Saul Leiter: Early Black and White Is Out, And Adds To Our Appreciation Of His Genius

Saul Leiter: Early Color

When Saul Leiter died over the Thanksgiving weekend in 2013, he finally got the full appreciation for his artistry that he had always deserved: a big New York Times obit, a loving remembrance in The New Yorker, an outpouring.  He was honored in death beyond the recognition he had received in life.

It’s tempting to think of him as a version of Vivian Maier who at least lived to be discovered in his lifetime.  But Leiter was not an unknown; he was an acknowledged member of The New York School of photographers, which included Bruce Davidson, William Klein, Diane Arbus, and Helen Levitt.  Some two dozen of his photographs were included, as early as 1953, in a MoMA exhibition curated by Edward Steichen.  He had friendships with artists such as Richard Pousette-Dart, Merce Cunningham, and W. Eugene Smith, for years shared his life with the artist Soames Bantry, and worked as a fashion photographer.  He was not an isolated nanny whose images were discovered only after his death.

But where Leiter’s story competes with his art for its sheer romantic power lies in the notion that he was not fully appreciated as one of the 20th Century’s masters of photography — not recognized as one of the greatest artists in the history of the medium — until relatively late in his career, when more than 40 years after many of his early pictures were taken, he shared with Margit Erb, who worked for his longtime gallerist Howard Greenberg, prints of his early color photographs, and was discovered anew.  It was Howard Greenberg who fought for the recognition of his artist, even though it appears that he had, until the mid-Nineties, an incomplete sense of Leiter’s talents.

The 1996 exhibition entitled “Saul Leiter: In Color,” and the subsequent book entitled Saul Leiter: Early Color, can fairly be described as revelations, as exciting as the discovery of a Mayan city, an unknown manuscript by Joyce, the lost print of a film by Von Stroheim.  What the world discovered was that, long before William Eggleston or Stephen Shore brought respectability to color photography, Leiter was producing work that bridged some magical cusp between painting and photography, his images taken looking out into the streets from inside the damp windows of New York City restaurants as striking as anything framed by urban Impressionists seventy years previously.  His framing of subjects — in some cases half of the image given away to a window shade, leaving only a sliver of life to be depicted in an otherwise completely dark rectangle; his eery and precise geometry; his peering through windows of taxis and coffee shops; his use of reflections to shatter an image into multiple parts — was even more powerful than that of HCB, who had a Surrealist’s eye and an architect’s sense of balance.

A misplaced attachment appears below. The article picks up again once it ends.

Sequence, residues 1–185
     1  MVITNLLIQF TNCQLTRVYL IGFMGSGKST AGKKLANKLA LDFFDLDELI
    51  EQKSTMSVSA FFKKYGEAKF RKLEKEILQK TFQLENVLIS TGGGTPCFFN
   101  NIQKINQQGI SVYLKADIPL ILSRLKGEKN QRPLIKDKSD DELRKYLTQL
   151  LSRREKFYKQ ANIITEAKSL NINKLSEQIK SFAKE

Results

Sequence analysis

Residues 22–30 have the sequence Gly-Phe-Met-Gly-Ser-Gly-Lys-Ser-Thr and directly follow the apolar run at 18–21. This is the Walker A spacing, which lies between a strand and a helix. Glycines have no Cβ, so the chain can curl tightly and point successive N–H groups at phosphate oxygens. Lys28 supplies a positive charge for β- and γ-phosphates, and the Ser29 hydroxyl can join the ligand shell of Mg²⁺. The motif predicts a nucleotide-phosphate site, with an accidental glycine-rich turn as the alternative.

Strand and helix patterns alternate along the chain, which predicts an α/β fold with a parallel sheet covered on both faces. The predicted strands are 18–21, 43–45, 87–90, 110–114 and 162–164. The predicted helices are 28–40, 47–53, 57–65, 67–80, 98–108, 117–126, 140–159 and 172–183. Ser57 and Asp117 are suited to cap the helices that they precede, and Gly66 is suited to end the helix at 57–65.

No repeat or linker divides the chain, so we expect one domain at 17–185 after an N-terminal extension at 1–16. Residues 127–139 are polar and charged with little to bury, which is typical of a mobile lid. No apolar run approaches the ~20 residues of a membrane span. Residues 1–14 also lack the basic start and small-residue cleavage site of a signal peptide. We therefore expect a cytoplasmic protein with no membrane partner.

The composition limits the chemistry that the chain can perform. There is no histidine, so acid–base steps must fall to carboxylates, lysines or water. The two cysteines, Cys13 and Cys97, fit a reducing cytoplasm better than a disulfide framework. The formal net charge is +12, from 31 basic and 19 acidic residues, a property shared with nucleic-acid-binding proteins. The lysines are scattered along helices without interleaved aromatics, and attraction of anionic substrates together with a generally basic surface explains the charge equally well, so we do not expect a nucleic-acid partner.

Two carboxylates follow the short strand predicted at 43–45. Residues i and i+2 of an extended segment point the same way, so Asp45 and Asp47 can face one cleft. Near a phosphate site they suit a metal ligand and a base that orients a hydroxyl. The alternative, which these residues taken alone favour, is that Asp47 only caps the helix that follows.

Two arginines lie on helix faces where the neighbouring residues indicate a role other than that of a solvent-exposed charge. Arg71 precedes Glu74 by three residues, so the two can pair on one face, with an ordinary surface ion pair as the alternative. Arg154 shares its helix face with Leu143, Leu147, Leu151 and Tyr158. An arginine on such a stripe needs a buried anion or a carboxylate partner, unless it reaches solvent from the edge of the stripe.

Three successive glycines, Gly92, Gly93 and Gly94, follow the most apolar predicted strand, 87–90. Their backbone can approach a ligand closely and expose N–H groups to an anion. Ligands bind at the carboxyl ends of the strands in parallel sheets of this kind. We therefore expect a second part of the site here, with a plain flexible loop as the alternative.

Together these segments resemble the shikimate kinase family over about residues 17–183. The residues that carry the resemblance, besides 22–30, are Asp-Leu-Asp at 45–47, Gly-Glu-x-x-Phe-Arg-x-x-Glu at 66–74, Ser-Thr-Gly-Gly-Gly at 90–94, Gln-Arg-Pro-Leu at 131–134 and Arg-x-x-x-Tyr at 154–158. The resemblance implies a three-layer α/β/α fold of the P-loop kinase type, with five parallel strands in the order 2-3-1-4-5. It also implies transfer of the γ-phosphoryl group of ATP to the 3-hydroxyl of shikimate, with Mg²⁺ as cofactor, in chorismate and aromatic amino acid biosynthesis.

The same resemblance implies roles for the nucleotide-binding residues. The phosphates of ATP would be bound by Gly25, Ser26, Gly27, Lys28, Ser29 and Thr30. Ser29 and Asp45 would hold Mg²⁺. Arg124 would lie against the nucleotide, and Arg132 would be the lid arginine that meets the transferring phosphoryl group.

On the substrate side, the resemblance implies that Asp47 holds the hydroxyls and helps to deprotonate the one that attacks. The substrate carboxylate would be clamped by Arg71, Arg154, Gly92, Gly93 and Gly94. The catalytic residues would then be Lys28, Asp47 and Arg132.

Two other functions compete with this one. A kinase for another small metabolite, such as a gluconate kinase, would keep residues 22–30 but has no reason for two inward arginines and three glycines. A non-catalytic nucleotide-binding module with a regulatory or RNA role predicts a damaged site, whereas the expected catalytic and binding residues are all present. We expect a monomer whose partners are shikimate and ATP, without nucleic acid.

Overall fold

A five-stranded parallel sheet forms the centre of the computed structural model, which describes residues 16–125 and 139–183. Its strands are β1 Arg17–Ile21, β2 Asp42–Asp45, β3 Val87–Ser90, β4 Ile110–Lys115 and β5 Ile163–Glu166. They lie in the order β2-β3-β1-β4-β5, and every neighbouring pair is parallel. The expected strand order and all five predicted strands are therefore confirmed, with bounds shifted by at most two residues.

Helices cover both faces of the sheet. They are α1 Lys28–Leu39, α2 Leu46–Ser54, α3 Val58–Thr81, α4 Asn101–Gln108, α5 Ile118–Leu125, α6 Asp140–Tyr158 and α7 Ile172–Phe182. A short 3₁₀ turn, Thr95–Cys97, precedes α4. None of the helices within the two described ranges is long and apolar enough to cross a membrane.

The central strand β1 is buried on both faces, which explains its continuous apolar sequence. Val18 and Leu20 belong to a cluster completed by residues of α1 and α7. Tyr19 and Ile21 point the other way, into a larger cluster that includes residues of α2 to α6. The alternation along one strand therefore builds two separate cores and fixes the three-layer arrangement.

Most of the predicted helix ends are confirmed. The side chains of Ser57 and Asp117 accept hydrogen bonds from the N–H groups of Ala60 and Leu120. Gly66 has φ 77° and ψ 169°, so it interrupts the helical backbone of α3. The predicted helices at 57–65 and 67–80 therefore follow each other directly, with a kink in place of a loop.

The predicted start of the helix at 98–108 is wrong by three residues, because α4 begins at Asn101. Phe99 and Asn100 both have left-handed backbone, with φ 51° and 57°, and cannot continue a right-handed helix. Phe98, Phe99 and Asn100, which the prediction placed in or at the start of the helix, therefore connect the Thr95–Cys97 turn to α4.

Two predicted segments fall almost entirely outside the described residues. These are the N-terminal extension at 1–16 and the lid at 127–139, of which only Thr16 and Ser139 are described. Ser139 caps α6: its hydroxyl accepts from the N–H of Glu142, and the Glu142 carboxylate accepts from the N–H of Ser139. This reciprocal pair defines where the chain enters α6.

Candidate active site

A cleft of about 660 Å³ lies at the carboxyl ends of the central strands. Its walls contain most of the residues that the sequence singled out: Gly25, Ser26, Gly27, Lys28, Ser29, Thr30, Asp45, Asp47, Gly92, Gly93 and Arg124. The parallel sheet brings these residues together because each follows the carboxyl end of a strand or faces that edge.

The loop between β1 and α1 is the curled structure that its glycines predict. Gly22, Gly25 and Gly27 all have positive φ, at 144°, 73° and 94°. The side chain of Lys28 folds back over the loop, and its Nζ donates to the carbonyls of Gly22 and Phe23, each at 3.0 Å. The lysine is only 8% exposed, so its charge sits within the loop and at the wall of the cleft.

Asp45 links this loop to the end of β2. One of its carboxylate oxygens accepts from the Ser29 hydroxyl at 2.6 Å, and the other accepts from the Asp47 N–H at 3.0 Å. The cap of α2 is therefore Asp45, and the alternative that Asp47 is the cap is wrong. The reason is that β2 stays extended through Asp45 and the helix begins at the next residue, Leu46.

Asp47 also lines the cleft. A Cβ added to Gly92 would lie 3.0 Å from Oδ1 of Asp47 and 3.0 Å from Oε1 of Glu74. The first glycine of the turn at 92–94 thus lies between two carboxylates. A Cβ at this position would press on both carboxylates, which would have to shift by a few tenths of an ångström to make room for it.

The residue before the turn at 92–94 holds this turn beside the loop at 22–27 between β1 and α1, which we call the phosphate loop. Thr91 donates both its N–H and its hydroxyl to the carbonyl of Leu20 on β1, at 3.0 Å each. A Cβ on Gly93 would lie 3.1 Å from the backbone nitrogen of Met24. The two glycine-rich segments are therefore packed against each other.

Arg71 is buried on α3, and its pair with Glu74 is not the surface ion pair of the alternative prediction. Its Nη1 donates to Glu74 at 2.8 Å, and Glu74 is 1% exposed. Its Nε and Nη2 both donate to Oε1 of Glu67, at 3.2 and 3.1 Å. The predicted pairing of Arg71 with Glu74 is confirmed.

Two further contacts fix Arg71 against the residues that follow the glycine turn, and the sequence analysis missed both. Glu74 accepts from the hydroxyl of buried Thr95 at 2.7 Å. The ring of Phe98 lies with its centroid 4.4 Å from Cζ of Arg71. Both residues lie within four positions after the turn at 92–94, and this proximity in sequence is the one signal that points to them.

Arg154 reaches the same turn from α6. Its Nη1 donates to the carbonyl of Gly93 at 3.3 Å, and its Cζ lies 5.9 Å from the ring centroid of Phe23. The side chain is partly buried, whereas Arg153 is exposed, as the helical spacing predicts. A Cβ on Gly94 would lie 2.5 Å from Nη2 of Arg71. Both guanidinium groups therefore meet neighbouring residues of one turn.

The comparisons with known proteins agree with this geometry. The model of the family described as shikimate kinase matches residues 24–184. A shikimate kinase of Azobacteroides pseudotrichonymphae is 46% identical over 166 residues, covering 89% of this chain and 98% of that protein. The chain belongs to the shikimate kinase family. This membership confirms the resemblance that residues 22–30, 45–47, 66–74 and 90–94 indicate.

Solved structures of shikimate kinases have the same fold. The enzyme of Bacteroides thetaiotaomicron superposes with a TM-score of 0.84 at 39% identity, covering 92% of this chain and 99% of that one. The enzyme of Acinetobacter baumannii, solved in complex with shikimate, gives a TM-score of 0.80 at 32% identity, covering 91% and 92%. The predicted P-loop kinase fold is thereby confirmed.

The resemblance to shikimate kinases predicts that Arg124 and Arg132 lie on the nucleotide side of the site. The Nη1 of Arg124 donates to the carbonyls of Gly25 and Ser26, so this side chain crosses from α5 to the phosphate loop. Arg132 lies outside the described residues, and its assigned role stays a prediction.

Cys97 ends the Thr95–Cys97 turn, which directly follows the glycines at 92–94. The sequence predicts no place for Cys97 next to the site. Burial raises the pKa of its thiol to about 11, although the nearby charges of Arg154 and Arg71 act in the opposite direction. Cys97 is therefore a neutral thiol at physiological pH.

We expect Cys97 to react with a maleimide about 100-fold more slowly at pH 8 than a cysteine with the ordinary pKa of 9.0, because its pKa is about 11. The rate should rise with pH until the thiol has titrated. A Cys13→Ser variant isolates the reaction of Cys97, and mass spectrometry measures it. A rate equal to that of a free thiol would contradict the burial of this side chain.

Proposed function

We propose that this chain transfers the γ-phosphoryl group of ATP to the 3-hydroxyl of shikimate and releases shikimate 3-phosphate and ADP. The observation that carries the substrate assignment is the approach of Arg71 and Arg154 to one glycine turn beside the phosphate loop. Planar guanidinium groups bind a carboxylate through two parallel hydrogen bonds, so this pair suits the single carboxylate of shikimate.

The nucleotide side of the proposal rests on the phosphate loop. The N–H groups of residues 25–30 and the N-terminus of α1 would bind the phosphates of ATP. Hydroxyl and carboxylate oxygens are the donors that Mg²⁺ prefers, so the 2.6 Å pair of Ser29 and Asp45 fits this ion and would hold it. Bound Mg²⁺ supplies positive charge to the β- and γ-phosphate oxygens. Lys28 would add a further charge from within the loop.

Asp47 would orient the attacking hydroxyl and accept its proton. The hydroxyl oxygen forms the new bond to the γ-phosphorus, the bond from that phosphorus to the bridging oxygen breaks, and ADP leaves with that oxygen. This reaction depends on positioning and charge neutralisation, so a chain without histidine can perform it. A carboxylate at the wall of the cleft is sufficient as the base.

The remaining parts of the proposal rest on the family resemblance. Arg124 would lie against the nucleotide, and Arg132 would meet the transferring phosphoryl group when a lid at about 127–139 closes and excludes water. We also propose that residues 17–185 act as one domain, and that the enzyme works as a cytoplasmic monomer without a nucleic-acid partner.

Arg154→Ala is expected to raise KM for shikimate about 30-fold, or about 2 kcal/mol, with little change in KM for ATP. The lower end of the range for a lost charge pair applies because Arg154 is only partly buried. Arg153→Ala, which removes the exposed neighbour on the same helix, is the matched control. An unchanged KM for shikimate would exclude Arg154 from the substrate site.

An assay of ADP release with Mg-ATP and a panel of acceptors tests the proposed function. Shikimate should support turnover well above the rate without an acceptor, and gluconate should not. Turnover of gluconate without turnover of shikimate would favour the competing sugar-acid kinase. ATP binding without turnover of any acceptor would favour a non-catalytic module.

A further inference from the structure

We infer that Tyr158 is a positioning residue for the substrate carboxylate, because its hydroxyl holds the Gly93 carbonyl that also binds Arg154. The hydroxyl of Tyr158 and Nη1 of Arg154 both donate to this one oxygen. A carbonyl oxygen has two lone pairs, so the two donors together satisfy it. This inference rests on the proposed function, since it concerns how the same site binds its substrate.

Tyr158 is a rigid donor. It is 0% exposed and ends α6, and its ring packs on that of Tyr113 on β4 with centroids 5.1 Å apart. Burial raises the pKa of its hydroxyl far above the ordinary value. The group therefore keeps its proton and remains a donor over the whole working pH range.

And now, eight months after his death comes Saul Leiter: Early Black and White, a two-volume companion from Steidl, with a strong assist from Howard Greenberg, and we can now see many of the antecedents and parallel discoveries of Leiter as a black and white photographer.  The volumes are divided, intelligently, between Interior and Exterior images, though Interior can also reflect portraits taken outdoors.  There is no gainsaying that it is Leiter’s color photography that stirs the heart and guarantees his stature.  But the black and white photographs, in many cases, show the same sense of geometric division of a particular scene that his color photographs depict, and which only a painter, or a genius — both of which describe Leiter — could have rendered.

Saul Leiter: Early Black and White is the most important photography book published this year, with the possible exception of the monograph accompanying the great Gary Winogrand shows in San Francisco and Washington.  It is best to start with the color photographs and work backward to these monochrome images.  Any photographer who wants to get a sense of how a painter would frame and envision a scene should immerse herself in Leiter’s work.  And anyone who appreciates powerfully disruptive art should check out Leiter’s work.  Less than a year after his death, with new books about him and his life celebrated in a documentary film, Leiter is finally getting his due.  He received real appreciation in his lifetime, but it was incommensurate with his value, his importance, his unquestionable genius.


One Response to “Saul Leiter: Early Black and White Is Out, And Adds To Our Appreciation Of His Genius”

  1. I didn’t have the chance to view his BW work yet. It will be great to have his BW work printed in these new books as well.

    Saul Leiter was a great photographer and personality.

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